Neither is there any merit in defendant's contention that the purpose of this agreement was to breach contracts which the various members of the association had with the bakers' union. Plaintiffs and defendant and other members [80 Cal. App. 2d 339] of the association each had a contract with the bakers' union commencing on the first day of May, 1943, and continuing until the 30th day of April, 1945, and thereafter until a new agreement had been consummated or the agreement canceled by the employer or the union. The trial court found, supported by substantial evidence, that in the afternoon of April 30, 1945, the members of the association had notified the union of the termination of their contracts with it as of that day. Therefore it is obvious that the agreement which defendant entered into with plaintiffs on the evening of April 30, 1945, was not for the purpose of breaching contracts which had previously been terminated.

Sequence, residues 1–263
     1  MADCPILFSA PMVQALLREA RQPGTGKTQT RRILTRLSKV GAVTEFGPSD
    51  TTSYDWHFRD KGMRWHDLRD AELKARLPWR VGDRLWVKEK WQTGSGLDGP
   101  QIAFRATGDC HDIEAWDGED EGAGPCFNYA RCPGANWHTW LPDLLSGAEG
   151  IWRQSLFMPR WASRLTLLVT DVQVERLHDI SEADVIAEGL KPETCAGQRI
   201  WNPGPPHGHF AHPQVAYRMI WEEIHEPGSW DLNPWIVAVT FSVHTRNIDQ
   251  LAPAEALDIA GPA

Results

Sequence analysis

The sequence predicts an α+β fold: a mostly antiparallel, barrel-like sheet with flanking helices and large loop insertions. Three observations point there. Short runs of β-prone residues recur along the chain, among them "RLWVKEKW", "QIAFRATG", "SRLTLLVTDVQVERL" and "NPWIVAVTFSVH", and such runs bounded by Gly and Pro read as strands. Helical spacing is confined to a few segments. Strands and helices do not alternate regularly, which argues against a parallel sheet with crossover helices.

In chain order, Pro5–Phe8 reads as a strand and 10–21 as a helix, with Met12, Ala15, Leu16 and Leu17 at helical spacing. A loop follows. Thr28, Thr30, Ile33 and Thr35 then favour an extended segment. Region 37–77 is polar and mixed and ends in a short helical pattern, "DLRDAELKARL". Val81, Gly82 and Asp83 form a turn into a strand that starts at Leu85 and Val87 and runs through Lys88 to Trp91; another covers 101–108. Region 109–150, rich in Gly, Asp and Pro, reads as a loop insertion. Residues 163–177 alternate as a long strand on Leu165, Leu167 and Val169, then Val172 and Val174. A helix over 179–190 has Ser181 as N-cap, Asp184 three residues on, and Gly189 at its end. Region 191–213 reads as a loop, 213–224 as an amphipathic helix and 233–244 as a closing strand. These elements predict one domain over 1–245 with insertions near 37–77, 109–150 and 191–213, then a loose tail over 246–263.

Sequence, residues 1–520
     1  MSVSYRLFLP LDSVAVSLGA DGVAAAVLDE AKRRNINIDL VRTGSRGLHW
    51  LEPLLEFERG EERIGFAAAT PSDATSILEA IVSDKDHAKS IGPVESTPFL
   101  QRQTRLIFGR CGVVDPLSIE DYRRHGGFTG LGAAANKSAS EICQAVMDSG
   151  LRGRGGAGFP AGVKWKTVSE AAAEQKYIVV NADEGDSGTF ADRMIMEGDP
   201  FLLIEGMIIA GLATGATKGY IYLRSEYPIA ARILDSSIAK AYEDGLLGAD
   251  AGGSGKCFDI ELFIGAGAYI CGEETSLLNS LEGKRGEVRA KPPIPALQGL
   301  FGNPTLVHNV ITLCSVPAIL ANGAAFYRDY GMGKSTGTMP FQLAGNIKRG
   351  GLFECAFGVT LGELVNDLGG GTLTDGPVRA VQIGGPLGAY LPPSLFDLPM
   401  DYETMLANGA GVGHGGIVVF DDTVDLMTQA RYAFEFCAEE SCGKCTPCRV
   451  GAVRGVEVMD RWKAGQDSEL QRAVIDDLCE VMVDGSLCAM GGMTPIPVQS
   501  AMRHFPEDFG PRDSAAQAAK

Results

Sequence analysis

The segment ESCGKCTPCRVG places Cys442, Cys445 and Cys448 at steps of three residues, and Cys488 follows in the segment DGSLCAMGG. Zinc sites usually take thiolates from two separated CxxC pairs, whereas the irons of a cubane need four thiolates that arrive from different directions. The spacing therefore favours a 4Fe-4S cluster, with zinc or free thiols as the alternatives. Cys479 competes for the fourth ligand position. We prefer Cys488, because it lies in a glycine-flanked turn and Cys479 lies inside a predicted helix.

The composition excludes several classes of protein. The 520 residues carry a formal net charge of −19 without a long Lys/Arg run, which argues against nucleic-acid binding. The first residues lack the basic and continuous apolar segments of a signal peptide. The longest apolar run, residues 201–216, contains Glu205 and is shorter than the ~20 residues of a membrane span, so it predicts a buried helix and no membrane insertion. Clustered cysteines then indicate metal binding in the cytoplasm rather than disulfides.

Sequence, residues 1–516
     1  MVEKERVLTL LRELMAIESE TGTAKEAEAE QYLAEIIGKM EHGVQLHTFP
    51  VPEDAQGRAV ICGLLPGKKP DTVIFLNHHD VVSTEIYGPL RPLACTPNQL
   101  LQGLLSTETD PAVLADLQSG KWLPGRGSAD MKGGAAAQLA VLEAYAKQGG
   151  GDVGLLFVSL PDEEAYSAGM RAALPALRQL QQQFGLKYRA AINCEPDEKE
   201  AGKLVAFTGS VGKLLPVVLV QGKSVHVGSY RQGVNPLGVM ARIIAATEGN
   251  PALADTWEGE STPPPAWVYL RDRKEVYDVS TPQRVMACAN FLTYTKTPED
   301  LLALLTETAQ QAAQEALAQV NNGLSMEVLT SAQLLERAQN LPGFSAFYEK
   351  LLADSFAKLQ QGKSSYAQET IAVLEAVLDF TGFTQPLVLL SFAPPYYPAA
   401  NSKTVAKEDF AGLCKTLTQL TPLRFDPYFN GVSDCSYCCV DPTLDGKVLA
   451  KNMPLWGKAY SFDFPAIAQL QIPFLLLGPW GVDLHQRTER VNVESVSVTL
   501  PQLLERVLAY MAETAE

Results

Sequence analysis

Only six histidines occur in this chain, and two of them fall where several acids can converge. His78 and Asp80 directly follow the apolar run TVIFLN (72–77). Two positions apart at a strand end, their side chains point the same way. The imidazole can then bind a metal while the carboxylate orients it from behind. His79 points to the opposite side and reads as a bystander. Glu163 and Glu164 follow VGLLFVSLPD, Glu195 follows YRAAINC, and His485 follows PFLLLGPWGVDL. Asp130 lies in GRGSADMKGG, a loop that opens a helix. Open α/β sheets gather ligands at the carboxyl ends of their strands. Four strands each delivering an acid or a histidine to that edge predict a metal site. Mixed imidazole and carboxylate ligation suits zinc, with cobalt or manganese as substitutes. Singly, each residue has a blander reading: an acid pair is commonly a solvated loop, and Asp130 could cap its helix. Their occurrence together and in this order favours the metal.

The cases of National Labor Relations Board v. Crown Can Co., 138 F.2d 263, and National Labor Relations Board v. Franks Bros. Co., 137 F.2d 989, are clearly not in point on the present appeal for the reason that such cases, arising under the National Labor Relations Act, dealt with threats and intimidations by employers against their employees to keep them from unionizing. No such situation obtains in the present case.
 Third: There is no substantial evidence of damage.
This proposition is untenable in view of the fact that defendant does not question the trial court's finding that plaintiffs had suffered a loss in the sum of $1,700. Hence it must be presumed that there was substantial evidence to support such finding.
[2b] Fourth: The complaint does not state a cause of action.
This contention is predicated upon defendant's claim that the contract is void because against public policy. We have fully discussed this proposition under defendant's second contention and as above indicated find that such claim is without merit.
The judgment is affirmed.
Moore, P. J., and Wilson, J., concurred.